Beyond Green Burial
Human Composting at the End of Life
Washington is poised to become the first state to make it legal to compost human remains. A bill allowing for the process, called natural organic reduction, as well as another called water cremation, has passed the state senate and is making its way to the house for a vote. Human composting involves placing a body in a tubular vessel and covering it with natural materials like wood chips and straw. Over several weeks, microbial activity breaks down the body into about a cubic yard of soil. Recompose, a company that wants to offer the practice as an alternative to traditional methods, worked with Washington State University to test its safety for environmental and human health. Six people donated their bodies for the study. The method alleviates much of the carbon footprint associated with both cremation and traditional casket burial.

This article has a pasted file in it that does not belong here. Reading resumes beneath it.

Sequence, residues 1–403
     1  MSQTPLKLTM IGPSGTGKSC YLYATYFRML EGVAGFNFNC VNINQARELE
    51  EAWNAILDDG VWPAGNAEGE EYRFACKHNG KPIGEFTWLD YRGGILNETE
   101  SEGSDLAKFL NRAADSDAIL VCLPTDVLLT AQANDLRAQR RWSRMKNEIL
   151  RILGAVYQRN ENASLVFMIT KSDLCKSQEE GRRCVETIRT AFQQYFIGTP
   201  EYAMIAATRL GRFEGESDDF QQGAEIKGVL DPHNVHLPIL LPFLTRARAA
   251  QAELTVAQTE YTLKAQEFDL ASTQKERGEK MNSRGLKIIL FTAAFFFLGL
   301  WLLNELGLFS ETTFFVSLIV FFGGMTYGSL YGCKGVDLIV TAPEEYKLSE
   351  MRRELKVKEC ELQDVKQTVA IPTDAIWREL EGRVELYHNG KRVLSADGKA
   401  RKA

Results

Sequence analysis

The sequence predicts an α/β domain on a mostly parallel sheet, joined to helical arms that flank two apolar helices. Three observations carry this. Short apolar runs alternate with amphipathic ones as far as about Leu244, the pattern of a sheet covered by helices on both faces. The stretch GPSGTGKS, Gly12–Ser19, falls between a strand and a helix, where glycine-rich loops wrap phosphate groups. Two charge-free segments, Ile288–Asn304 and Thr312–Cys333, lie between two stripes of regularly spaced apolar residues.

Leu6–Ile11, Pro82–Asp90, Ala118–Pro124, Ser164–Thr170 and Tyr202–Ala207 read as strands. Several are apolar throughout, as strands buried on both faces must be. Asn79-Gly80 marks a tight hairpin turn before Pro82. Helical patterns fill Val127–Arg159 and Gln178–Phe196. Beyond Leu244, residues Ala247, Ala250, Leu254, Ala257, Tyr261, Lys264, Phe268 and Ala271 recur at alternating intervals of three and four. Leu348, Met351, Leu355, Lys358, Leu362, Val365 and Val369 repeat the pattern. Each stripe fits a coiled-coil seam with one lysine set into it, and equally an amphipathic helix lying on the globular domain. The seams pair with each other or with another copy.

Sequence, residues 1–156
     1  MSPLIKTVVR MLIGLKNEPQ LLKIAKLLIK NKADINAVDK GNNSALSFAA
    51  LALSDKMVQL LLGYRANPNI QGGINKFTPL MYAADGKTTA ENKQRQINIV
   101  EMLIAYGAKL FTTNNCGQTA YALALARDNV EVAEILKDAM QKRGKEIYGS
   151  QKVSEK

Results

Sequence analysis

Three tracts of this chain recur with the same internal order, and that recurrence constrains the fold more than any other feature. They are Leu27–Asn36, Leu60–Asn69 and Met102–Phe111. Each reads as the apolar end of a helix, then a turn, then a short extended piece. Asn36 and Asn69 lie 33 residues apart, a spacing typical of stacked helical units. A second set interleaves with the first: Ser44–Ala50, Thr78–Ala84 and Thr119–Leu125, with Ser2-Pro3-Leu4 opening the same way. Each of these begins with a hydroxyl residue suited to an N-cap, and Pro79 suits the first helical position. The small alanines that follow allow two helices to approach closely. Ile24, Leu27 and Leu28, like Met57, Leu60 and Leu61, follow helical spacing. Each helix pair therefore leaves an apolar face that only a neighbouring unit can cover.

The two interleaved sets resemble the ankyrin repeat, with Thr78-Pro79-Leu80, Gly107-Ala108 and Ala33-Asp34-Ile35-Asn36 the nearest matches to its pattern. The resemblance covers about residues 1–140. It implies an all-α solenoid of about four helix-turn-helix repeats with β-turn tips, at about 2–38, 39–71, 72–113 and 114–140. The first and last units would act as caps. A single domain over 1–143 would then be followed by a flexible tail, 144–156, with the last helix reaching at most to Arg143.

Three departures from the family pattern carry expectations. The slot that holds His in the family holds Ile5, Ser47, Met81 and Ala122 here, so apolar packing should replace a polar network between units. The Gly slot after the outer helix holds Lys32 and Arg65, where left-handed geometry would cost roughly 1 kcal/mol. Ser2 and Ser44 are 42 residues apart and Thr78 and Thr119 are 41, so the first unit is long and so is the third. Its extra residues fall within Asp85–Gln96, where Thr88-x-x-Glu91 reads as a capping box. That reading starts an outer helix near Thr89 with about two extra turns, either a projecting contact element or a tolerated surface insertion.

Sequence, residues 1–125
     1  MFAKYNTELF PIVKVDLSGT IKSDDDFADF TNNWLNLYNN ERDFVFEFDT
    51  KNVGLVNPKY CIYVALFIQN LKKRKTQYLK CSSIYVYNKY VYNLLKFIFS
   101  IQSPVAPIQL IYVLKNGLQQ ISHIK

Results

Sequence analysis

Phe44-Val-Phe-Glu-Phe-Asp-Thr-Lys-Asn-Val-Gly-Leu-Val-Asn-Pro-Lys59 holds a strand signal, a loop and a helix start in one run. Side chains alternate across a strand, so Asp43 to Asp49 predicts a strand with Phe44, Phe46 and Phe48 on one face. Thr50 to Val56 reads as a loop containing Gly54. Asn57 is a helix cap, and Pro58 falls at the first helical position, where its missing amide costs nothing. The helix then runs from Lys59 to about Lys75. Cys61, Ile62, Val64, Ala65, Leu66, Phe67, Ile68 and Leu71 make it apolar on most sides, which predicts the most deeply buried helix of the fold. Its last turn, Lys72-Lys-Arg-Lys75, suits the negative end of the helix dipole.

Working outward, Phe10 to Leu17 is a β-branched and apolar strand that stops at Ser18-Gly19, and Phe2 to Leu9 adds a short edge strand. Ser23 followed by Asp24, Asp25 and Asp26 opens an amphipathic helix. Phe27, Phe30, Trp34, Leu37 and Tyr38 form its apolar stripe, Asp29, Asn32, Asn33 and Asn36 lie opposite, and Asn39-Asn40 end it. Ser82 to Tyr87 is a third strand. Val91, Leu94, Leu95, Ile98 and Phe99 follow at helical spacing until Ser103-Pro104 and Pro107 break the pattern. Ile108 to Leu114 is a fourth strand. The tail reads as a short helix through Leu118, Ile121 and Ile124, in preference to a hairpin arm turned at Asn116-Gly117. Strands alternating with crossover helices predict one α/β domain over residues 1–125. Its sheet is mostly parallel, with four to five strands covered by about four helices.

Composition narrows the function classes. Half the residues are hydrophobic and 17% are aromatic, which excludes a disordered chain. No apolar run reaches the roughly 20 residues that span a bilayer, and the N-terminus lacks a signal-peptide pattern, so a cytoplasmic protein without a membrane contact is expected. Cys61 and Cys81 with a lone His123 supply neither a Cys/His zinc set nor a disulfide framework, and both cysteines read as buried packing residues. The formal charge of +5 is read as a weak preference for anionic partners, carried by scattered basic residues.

Edit ModuleShow Tags
This article appears in the May 2019 issue of Natural Awakenings.